Glasgow least affordable city in the UK for students

Published

Credit: Glasgow Guardian/ Madeleine Baker

Andreea Bocioaga
Writer

The Student Living Index 2017, a July study commissioned by the Royal Bank of Scotland, has found that Glasgow is the least affordable city for students in the United Kingdom. A total of 3,407 students living in 35 cities across the UK were surveyed, with Glasgow having the highest monthly living and accommodation costs in relation to average monthly income.

Students in Glasgow reported the lowest average income out of the 35 cities assessed, around £786.60 per month, despite working an above-average number of hours in part-time jobs. They also paid above average for their household bills and received the lowest amount in bursaries and scholarships in Scotland, but had the fourth-highest socialising expenditure in the UK. Those studying in Glasgow do spend less than average on rent, however, paying around £433.91 in comparison to the UK average of £448.

Cardiff was found to be the most affordable city overall, with students having the second-highest average income and the third-lowest average rent payments. Aberdeen also fared well in the survey; students in the city had the highest average income, a statistic which was helped by their receiving around £220 per month from part-time work, more than double the UK average of £97.

Levels of participation in the survey were fairly low – from Glasgow itself, only 104 students responded, despite Glasgow City Council having reported that there are over 100,000 students living in the city.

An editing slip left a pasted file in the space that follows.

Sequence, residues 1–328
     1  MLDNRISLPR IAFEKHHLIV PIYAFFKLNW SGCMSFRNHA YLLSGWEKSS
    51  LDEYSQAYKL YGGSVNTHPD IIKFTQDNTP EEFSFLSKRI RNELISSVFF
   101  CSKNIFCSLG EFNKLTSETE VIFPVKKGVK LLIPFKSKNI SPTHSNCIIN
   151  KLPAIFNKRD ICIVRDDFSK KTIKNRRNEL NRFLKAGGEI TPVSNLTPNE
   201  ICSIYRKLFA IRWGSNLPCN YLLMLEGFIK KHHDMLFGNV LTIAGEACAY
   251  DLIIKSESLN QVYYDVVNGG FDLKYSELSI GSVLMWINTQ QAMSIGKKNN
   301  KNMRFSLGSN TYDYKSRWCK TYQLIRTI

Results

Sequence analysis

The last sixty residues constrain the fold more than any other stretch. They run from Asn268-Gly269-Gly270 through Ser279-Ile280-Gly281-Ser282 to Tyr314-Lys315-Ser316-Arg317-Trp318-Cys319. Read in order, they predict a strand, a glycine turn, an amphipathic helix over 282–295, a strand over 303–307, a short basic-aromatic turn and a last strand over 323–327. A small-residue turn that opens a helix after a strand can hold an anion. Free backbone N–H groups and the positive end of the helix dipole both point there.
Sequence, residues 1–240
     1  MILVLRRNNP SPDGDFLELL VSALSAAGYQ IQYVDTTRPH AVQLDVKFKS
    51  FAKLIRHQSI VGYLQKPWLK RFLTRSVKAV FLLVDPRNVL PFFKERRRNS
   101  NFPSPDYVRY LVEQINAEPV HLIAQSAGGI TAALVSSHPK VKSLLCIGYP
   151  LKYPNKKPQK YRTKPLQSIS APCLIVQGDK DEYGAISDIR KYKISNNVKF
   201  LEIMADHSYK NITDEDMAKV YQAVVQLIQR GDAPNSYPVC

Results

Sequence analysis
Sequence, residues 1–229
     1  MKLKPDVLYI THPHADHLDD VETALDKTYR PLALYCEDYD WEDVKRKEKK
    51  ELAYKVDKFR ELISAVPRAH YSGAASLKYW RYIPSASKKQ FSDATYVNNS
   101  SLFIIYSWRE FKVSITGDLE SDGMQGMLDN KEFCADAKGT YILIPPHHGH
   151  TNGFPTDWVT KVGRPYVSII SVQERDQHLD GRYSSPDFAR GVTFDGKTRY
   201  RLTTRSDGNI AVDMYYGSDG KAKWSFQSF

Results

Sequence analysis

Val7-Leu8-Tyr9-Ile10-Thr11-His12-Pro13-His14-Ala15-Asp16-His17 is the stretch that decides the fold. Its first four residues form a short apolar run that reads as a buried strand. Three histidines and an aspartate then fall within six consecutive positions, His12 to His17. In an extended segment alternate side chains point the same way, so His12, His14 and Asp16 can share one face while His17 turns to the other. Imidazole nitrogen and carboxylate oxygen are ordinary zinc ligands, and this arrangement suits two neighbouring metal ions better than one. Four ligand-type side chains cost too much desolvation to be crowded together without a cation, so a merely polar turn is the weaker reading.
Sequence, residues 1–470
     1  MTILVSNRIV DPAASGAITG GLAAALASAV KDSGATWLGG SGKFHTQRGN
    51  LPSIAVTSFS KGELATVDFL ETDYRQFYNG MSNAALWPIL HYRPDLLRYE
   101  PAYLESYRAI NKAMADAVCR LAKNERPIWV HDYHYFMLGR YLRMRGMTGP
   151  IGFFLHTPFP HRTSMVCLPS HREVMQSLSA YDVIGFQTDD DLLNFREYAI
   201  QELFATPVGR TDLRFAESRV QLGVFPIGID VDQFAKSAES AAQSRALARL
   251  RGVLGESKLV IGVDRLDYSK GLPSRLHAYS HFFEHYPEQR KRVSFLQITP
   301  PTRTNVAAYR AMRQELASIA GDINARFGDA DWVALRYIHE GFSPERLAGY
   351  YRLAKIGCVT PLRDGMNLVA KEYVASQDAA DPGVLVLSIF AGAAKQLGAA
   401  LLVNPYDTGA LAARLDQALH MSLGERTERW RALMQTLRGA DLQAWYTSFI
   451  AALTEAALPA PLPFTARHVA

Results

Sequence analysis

Dan Jones, Royal Bank of Scotland Head of Student Accounts, discussed the purpose of the survey: “The Student Living Index helps students to see how they might budget while at University.

“Our main priority is to help students stay on top of their finances throughout their studies and our Student Account offers a number 
of features to help students make the most of their money and their time while at University.”

Kate Powell, Students’ Representative Council (SRC) President, commented on the findings in relation to Glasgow’s affordability: “I do have issues with this report, as I don’t think surveying 3000 students constitutes as quantitative data (there are over 200,000 students in Scotland). Due to the survey’s poor response rate, the report should not inform students’ perceptions on living in Glasgow.

“The SRC will continue to push the University in supporting students’ living costs through increasing bursaries and support available. We recognise that living costs have skyrocketed in the West End and increasing rents have a major part to play.

“Our Sabbatical team are working to increase better transparency of rental accommodation and to lobby the Council to limit rent increases, whilst our Advice Team continue to provide financial and accommodation advice for all students By September, we will have a landlord rating scheme in place.”